Magazine article Information Outlook

Observing Technology Changes in the Real World: This Past Year Has Been a Banner Year for Observing Some Seismic Shifts in Our Users' Context, Technologies and Adoption Phase

Magazine article Information Outlook

Observing Technology Changes in the Real World: This Past Year Has Been a Banner Year for Observing Some Seismic Shifts in Our Users' Context, Technologies and Adoption Phase

Article excerpt

I've long been an advocate of just observing human behavior in the real world and playing with technologies in the consumer space as a way of keeping up, understanding change and sensing the future. People often just nod, but sometimes they ask, "How?" So, I thought I'd devote this month's column to a few short examples of how and where to watch user behavior.

This past year has been a banner year for observing some seismic shifts in our users' context, technologies and adoption phase. I believe that when stuff is reaching the general public's consciousness, we're obliged to take notice. I also think we can argue that many special librarians serve a specific segment of the marketplace--wealthier, computer literate, employed, better educated, etc.--that is more likely to adopt changes. So that's who we're watching--everyone, but especially our target users.

So let's do some quick highlights of the what, where, how and why. (The when is simply anytime!)

What?

A few events this year have provided us with some unique observation and conversation moments. For example:

* The 2008 Beijing Olympics. Were you not amazed by the real time streaming media at these games, event by event? According to some measurements, Yahoo beat NBC and MSNBC in audience. Incredible! So, what does that tell us about the penetration of Web video and streaming into the marketplace?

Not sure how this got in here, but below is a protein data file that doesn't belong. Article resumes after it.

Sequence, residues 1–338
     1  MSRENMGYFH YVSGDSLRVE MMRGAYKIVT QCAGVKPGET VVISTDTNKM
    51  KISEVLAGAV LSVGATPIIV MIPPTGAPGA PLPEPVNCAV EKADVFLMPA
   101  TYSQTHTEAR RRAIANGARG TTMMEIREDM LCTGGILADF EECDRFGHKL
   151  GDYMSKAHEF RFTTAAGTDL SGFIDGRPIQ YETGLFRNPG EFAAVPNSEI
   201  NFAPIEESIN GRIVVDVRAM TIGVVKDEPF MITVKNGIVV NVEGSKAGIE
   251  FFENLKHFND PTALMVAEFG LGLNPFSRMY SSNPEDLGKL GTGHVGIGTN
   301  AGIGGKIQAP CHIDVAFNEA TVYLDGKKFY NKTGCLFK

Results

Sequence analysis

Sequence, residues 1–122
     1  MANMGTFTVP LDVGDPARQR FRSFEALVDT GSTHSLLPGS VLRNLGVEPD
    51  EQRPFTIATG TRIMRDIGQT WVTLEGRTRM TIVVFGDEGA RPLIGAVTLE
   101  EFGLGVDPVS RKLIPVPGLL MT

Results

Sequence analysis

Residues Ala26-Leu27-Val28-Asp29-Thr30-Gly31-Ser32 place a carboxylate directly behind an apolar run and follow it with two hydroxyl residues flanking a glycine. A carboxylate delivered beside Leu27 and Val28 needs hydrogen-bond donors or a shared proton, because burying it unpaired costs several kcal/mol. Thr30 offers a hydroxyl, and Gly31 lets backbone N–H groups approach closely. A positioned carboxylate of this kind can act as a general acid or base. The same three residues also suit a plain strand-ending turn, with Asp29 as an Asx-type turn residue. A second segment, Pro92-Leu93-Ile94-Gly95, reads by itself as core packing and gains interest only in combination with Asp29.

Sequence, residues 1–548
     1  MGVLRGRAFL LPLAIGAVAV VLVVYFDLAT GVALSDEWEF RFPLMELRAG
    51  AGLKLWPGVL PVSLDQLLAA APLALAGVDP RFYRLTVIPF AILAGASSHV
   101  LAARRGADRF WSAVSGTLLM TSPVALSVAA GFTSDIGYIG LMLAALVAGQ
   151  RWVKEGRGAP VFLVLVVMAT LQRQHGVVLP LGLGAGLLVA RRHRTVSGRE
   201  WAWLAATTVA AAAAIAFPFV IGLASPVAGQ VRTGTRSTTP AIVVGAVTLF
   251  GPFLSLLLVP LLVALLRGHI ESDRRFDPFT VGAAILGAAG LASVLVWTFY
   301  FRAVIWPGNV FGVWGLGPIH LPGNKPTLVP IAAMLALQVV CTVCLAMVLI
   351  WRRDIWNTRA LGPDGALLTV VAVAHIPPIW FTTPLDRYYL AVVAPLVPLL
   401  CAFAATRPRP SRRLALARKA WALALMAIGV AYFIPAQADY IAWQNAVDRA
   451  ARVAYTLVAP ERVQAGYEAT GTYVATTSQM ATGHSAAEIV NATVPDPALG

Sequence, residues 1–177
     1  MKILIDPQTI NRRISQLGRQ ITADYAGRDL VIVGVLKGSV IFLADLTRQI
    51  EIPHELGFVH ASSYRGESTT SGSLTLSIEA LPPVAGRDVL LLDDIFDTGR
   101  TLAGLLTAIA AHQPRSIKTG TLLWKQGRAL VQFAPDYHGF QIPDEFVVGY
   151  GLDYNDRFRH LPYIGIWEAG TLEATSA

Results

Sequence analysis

* eBooks from Amazon et al. Is this the tipping point year? Probably not, but it's getting close. How do they load their books? What titles? Have they tried newsfeeds? Anything work related yet?

* The Old iPhone and New G3 iPhone. We got gifted with the launch of the G3 iPhone, and I don't think sliced bread got this much word of mouth! Now we have the first Android phone based on Google's Open Handset Alliance. Believe me, this is a crossing-the-chasm level shift for North America. So ask folks you see, what downloads are on their phone? Music? Ringtones? Check out the Apple download center and see what's there.

* The U.S. 2008 election. This election is not just engaging (and I can't even vote in it!) but it's also fascinating from a technology point of view. When the history books are written, it's a sure bet that the role new technology played will be identified as a major factor in the outcome. I've signed on to services from both presidential candidates to follow how they use the tools for communication, fundraising, emergency spin, etc. It's fascinating.

* The recent Facebook and MySpace changes. In the past few months we've seen major design changes at the big social networking sites. You've seen what changed on your Facebook presence. Check out your "friends." What have they downloaded? What apps are interesting to them? Check out your wall and see alerts about what's new and hot. Observing human behavior doesn't always have to be in person!

* iPod--What's on your iPod? Share your songs and artists, too. It's only intrusive if you get too insistent. What are they using--their own CDs, LimeWire, iTunes, the public library? Just music or audiobooks, MTV, CNN, movies or TV shows, too? Are they original rippers from the Napster era, when it was an underground activity, or just when did they make the switch from disc? What do their kids/parents use?

Where?

Anywhere, really! I watch people in grocery stores as they are taking pictures of food boxes, surfing competitor prices on their iPhone, or texting the recipe to the kids and telling them to turn the oven on ("Now! …

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